Tip o’the Morning to Ya – Make Time for R&R

Rich Habits Word of the Day

Respite – To relax, recreate, sleep.   Tom had worked 6 weeks in a row without a day off and became physically exhausted so he took a respite yesterday and left work early at 6:20pm.

Rich Habits Fact of the Day

When Barack Obama celebrated his 50th birthday in August, journalists and experts noted that the president was showing more wear and tear—mostly in the form of wrinkles and gray hair—than when he took office in January 2009. Their observations sparked a flurry of news reports referencing the longstanding theory that U.S. president grow older more quickly than their contemporaries, perhaps due to the stresses of the job.

Rich Habits Lesson of the Day

I have been working around the clock since January 2nd 2014. In January and February I spent 6 hours every day writing my upcoming book Rich Kids. Three hours in the morning from 4-7am and then three hours at night from 7-10pm. In between those six hours I was working at my main job of running a CPA firm. I pushed myself during those two months in order to complete my manuscript before tax season really kicked in, which officially is around February 20th. I have not taken one day off since February 24th.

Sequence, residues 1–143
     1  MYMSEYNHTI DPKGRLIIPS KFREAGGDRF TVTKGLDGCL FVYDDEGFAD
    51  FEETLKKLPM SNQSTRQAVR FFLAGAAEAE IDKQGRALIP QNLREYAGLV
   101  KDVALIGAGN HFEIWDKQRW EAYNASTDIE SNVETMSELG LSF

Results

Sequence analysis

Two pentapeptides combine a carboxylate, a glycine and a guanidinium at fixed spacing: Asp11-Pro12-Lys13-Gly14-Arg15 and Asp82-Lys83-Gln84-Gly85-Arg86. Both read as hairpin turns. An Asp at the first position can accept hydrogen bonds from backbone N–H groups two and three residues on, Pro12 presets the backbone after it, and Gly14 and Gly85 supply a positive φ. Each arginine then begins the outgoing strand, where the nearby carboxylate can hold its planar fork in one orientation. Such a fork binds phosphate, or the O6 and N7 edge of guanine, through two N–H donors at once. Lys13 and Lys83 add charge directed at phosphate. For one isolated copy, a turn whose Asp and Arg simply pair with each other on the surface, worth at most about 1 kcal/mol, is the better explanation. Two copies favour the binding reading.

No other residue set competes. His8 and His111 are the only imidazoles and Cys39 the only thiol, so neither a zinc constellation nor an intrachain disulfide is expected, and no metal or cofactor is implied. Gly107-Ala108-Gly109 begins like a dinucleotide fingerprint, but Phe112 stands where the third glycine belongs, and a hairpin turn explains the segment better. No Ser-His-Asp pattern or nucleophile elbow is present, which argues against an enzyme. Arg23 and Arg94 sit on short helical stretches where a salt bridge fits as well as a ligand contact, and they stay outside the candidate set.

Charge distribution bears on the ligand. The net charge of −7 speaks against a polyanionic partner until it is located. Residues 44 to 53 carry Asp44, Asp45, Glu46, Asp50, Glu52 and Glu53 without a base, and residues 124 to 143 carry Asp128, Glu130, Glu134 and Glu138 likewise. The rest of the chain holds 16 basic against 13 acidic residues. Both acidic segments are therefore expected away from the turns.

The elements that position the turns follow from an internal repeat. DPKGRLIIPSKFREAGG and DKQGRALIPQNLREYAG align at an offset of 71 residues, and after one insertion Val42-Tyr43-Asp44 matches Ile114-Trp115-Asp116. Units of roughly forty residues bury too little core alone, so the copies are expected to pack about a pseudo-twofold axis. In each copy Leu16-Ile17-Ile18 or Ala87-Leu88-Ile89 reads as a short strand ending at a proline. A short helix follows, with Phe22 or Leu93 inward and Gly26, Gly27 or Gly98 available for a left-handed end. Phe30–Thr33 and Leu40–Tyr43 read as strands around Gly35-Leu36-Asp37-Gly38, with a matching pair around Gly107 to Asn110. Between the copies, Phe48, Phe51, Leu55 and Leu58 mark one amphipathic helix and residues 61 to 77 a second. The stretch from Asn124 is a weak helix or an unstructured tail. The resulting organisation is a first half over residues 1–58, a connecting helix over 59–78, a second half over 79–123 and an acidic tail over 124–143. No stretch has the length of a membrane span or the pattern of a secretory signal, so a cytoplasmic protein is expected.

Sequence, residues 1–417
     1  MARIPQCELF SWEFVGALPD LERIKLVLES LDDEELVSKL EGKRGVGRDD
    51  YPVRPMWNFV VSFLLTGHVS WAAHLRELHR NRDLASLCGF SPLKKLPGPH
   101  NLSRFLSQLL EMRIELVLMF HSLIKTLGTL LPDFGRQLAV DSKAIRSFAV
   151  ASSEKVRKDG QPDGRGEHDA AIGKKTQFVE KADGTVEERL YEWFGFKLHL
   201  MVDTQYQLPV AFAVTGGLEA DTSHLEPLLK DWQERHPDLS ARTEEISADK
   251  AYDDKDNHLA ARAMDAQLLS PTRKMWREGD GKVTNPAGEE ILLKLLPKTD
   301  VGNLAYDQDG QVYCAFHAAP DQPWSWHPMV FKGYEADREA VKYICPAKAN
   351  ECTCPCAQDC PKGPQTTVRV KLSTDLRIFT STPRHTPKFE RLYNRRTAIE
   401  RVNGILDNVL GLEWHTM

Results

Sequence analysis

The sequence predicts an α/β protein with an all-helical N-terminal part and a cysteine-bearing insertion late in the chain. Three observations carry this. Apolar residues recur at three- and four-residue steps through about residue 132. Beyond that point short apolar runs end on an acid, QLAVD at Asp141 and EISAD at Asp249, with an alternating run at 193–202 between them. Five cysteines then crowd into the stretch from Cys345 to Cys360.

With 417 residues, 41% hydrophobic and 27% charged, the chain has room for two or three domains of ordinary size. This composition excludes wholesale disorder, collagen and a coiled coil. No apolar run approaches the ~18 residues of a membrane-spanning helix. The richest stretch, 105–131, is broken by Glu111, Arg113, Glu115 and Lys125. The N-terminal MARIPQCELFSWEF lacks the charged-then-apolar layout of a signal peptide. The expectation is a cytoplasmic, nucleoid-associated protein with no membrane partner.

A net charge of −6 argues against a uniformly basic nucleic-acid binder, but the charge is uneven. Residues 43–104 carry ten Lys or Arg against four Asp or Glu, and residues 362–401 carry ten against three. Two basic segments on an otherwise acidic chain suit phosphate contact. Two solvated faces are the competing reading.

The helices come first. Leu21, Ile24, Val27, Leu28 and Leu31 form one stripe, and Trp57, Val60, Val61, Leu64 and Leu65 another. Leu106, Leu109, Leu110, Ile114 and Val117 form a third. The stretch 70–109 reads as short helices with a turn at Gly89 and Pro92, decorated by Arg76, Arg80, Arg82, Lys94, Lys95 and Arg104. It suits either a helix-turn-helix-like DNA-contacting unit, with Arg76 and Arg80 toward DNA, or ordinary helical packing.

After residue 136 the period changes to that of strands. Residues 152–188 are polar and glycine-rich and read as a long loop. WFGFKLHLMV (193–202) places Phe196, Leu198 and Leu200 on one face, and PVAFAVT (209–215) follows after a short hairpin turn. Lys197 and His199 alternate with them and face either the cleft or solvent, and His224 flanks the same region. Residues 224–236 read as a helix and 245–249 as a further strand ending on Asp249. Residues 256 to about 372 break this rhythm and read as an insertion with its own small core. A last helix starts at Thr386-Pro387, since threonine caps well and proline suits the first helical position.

My day begins usually at 4:30am. I spend that 2 1/2 hours reading, writing and relentlessly promoting my research to members of the media or anyone else who might, by rare chance, open up their eyes and read one of my research articles or pitches. It’s mostly a thankless, depressing job trying to get media attention. I also squeez in 30-45 minutes a day of aerobic exercise on my StairMaster, while also reading a book. It wears on me, it frustrates me. For every 300 daily Tweets and every 100 daily emails to members of the media which I’ve made day in and day out for the past 3 months, almost 100% ignored me. That drags me down phsically and emotionally. It also makes me feel so all alone in my mission to share my Rich Habits research with the world. At days end I am drained of all of my energy and any emotion. But, the next day, I do it all over again. I persevere one more morning. Then I head to my full-time job – preparing taxes and helping clients any way I can. At night I start reading, writing, tweeting and pitching again for another 2-3 hours.

Yesterday, for some reason I can’t explain, I felt physically exhausted, almost ill. The feeling began the moment I woke up and, somehow, I pushed on until 6:20pm. I decided to leave work early yesterday. I was in bed by 9pm. I normally wake between 4-5am every day. Today I woke at 6:45am. That’s nearly 11 hours sleep.